The key to streamlining a concept is knowing when to stop hacking at it. Sacraboar has stripped too much from the RTS template, to the detriment of its one-on-one capture the flag action.
Two opponents face off over a symmetrical map, each of their bases stocked with a castle (for troop spawning), a power station (they speed up construction) and a pig (your bacon flavored flag). In battle, there are just six types of troop to choose from. Men in armor, men with arrows, tanks on stilts, flying bats... Each has a specific role to play. Faster units, like the tribal hunters, are designed to capture a piggy. Tanks blow most stuff up, but they%26rsquo;re countered by an EMP firing, ultro-tank. Bats hover overhead, spitting goo, but they%26rsquo;re easily grounded by hatchet chucking infantry. Stupid bats.
It%26rsquo;s a maze of micromanagement. You have to be intimately familiar with what each unit does, or you%26rsquo;re going to get hammered. And that%26rsquo;s where it all falls apart. The inept art design is the worst failing. Your troops are indistinct, and difficult to tell apart. More often than not, you%26rsquo;ll be left exposed because you simply can%26rsquo;t make out your targets in the melee.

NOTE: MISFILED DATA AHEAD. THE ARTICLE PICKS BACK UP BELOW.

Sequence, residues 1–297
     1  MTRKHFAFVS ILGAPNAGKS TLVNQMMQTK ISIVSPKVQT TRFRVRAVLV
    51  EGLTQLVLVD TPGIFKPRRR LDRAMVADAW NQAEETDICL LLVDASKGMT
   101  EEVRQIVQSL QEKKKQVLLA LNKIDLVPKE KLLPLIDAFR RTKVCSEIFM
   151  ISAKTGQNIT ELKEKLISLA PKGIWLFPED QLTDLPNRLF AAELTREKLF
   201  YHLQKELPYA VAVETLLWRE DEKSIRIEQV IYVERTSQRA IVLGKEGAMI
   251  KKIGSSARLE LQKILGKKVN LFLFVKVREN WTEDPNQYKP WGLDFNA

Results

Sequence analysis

A bucketload of competitive modes cover for Sacraboar%26rsquo;s sparse central game; leagues, tournaments and handicap challenges are neat additions, but they highlight how lightweight the game is. Sacraboar may well find a comfortable pocket of support. It%26rsquo;s laser-focused on delivering a tense, one-on-one game, but its rewards are blurred under no-frills packaging and a too-serious demeanor.
Jan 6, 2010